advice for graduates

As the final notes of "Pomp and Circumstance" fade into the distance and the reality of an uncertain future dawns, I offer
While it would probably be enough to just say "good luck" and "I love you," that's not all there is to say. Not by a long shot.
Kids love to stomp in puddles, fall out of trees, catch frogs in a ditch and ride anything with wheels. Be like they are and experience true freedom before life gives you a mortgage, kids, in-laws, 50 extra pounds, buffoon bosses and irritable bowel syndrome.
I have so many things I still need to teach you about how to be the amazing person I know you can be. You're already becoming her, and watching you turn into that woman you'll soon be each and every day has been the highlight of my life for the last 18 years.
As humans, we spend a lot of time looking back on our lives, analyzing where we've been and why. Then we spend a lot of time wondering what our future holds and figuring out how to get there.
I can never remember if the word 'commencement' means beginning or ending. My knee jerk reaction is to think that it means ending, though my writer's mind quickly corrects it.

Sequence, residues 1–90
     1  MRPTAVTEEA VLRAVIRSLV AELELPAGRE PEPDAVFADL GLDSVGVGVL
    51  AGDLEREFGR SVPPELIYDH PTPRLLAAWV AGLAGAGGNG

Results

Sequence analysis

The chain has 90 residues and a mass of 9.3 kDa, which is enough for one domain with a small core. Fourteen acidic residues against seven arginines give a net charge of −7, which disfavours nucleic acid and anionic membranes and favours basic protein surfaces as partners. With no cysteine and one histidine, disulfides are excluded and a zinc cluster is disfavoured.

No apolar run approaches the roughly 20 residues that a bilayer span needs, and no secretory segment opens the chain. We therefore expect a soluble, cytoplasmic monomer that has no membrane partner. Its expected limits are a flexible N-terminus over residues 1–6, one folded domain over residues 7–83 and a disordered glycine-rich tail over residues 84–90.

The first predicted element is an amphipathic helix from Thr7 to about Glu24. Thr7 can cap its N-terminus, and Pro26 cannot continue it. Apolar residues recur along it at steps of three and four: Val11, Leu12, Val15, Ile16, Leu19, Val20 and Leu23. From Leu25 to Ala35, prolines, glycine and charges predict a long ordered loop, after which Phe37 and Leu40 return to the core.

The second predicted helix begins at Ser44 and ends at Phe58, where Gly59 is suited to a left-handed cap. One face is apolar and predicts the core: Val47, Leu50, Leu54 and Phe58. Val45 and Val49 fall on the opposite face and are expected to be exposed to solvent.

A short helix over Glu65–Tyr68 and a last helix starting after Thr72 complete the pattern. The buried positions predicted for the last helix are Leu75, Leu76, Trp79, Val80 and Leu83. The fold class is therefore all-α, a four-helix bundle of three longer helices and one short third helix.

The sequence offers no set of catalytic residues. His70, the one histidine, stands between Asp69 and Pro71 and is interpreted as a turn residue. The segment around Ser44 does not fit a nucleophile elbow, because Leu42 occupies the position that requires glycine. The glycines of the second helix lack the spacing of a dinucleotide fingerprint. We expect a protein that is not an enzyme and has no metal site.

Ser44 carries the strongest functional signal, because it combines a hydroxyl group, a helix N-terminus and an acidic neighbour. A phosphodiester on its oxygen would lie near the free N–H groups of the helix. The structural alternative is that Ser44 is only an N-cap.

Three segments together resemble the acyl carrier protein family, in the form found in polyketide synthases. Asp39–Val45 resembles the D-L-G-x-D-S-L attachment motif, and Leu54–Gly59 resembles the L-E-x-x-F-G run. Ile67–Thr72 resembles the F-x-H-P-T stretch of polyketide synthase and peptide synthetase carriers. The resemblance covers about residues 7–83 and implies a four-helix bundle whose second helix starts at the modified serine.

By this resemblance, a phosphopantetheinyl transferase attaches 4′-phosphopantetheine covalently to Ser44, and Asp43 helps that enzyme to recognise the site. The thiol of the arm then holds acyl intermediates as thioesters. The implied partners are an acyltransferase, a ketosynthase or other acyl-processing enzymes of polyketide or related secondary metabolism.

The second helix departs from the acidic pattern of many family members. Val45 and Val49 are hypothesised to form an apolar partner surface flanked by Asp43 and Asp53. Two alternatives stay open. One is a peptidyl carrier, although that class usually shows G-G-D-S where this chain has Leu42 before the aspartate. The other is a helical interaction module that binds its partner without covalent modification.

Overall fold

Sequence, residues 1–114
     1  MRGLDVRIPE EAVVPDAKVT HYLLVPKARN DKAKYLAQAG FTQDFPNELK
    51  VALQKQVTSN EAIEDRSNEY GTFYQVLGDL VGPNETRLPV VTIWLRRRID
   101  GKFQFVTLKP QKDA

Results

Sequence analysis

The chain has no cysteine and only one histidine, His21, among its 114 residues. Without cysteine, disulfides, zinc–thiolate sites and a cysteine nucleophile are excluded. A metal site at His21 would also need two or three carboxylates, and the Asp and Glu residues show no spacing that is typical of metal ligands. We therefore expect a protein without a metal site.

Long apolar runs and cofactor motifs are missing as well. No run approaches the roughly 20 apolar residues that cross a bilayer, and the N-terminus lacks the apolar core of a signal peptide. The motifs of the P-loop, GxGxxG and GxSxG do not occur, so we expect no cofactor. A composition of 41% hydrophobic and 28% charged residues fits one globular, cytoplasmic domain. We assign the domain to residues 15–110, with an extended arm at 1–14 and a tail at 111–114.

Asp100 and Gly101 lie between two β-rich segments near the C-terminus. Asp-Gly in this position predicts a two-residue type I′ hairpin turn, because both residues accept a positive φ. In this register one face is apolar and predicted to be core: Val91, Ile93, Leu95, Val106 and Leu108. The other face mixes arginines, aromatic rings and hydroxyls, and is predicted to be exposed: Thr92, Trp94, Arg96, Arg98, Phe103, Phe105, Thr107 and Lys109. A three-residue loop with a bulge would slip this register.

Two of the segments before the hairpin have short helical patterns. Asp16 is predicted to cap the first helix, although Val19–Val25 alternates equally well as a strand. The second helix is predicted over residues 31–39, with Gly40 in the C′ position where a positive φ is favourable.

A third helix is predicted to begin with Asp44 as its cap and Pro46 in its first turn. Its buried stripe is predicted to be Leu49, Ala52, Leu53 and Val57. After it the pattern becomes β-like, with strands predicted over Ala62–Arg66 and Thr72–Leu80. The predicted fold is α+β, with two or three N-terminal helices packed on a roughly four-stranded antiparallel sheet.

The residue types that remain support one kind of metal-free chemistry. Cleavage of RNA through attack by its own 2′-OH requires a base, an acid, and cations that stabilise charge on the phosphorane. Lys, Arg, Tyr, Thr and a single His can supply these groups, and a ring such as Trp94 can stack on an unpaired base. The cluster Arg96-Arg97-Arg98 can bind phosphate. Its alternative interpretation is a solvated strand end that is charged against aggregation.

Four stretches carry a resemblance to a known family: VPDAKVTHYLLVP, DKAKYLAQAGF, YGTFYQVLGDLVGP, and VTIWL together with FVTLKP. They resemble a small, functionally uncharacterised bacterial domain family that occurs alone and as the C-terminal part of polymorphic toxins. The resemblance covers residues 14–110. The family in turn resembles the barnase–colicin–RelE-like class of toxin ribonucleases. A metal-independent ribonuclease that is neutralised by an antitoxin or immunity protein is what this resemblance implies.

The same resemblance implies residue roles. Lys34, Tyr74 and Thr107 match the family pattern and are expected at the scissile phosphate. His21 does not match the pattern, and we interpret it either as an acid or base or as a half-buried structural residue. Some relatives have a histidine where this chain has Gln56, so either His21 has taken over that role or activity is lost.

Welcome to the real world, class of 2014. You're probably swamped with student loan debt, and just entering your chosen career field -- if you're lucky. But, now is the time to secure your financial future by taking charge today.
In her commencement address at Smith College, Arianna Huffington told the class of 2013, "Don't buy society's definition
We who are older know that it's rare to have it all, in any job. We know that entry-level positions are harder to find in today's constrained labor market. And we know that today's young graduates have a great deal to bring to the table and will benefit from formative early professional experiences.
"We will ultimately rise up with social activism, collective confidence, civic engagement, and service leadership. They say